POLITICS -- July 25, 2012 at 5:54 PM ET
Senate Passes Bill to End Tax Cuts for High Income Earners
Senate Majority Leader Harry Reid. Photo by Tom Williams/CQ Roll Call
The Senate voted 51 to 48 Wednesday to approve highly contested legislation that would raise taxes on high income earners while lowering taxes on middle income earners.
Vice President Joe Biden made the trip to Capitol Hill to preside over the vote on the Democratic measure, dubbed the Middle Class Tax Cut Act. It aims to raise taxes on high income earners while preserving tax cuts for 114 million middle income taxpayers. Democrats estimate that would save every person $1,000 to $1,600 in 2013 should it become law.
"Republicans should not hold the middle class tax cut hostage," Senate Majority Leader Harry Reid, D-Nevada, said in remarks prior to the vote. "All you folks who love to give tax cuts to the millionaires, our bill does that--the first $250,000 they make they are treated just like a middle class family."
But Republicans argue that tax increases on anyone are bad policy.
"This proposal guarantees that taxes are going to go up on millions of our small businesses," countered Senate Minority Leader Mitch McConnell, R-Kentucky. "It guarantees that taxes go up on capitol gains on dividends which provides income for a huge number of our senior citizens."
Earlier Wednesday, the Senate rejected a competing GOP plan to keep all of the George W. Bush-era tax cuts.
President Barack Obama has been campaigning on his tax cut plan, and has said he would sign the bill immediately. But in an election year, and with Republicans controlling the House, it is virtually impossible it would pass both chambers.
"It has no chance of becoming law," McConnell said during floor debate.
The president issued this statement after the vote:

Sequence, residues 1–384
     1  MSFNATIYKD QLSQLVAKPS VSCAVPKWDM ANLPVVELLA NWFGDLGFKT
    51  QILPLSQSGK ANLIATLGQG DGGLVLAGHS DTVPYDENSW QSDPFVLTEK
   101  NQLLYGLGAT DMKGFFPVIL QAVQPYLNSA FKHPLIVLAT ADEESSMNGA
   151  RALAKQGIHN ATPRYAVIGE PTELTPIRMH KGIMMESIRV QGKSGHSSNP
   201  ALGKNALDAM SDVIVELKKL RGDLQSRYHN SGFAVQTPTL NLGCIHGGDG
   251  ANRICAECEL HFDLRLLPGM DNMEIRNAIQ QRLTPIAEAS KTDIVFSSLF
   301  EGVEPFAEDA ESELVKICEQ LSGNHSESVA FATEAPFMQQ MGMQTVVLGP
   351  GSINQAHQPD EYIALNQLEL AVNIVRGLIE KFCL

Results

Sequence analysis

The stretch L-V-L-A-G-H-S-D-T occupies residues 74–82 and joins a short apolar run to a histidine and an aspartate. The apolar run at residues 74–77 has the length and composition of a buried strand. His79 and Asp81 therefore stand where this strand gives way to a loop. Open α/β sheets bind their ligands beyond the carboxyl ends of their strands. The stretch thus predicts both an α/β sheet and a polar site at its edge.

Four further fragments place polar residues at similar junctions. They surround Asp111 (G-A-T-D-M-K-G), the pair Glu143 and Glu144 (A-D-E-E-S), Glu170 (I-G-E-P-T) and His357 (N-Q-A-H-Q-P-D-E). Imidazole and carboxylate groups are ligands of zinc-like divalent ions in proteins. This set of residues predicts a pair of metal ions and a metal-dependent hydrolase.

With the Senate's vote, the House Republicans are now the only people left in Washington holding hostage the middle-class tax cuts for 98% of Americans and nearly every small business owner. The last thing a typical middle class family can afford is a $2,200 tax hike at the beginning of next year. It's time for House Republicans to drop their demand for another $1 trillion giveaway to the wealthiest Americans and give our families and small businesses the financial security and certainty that they need. Our economy isn't built from the top-down, it's built from a strong and growing middle class, and that's who we should be fighting for.
Gwen Ifill will examine the vote and what's next on the NewsHour Wednesday night.
They also will talk about a newly released government report that amends figures on the cost of the Affordable Care Act and the number of people who will ultimately become insured under the law's Medicaid expansion provision in the wake of last month's Supreme Court decision.
While the court upheld the individual mandate and the effort to expand Medicaid, it found that states can opt out of adding to their Medicaid expansion, which opens coverage to anyone between 19 and 64 with incomes up to 138 percent of the federal poverty level.
"It's going to cut federal costs by $84 billion mostly because it's going to cover less people," Rovner told the NewsHour Wednesday. "They wouldn't specify what they think about which states will expand their Medicaid programs, but they said that after 10 years, about 6 million less people will be added to Medicaid rolls than previously expected."
Medicaid expansion was considered mandatory and an estimated 17 million people were expected to enroll in the federally subsidized health care program, Rovner said.
NewsHour coordinating producer Linda J. Scott and Reporter-Producer Tiffany Mullon contributed to this story.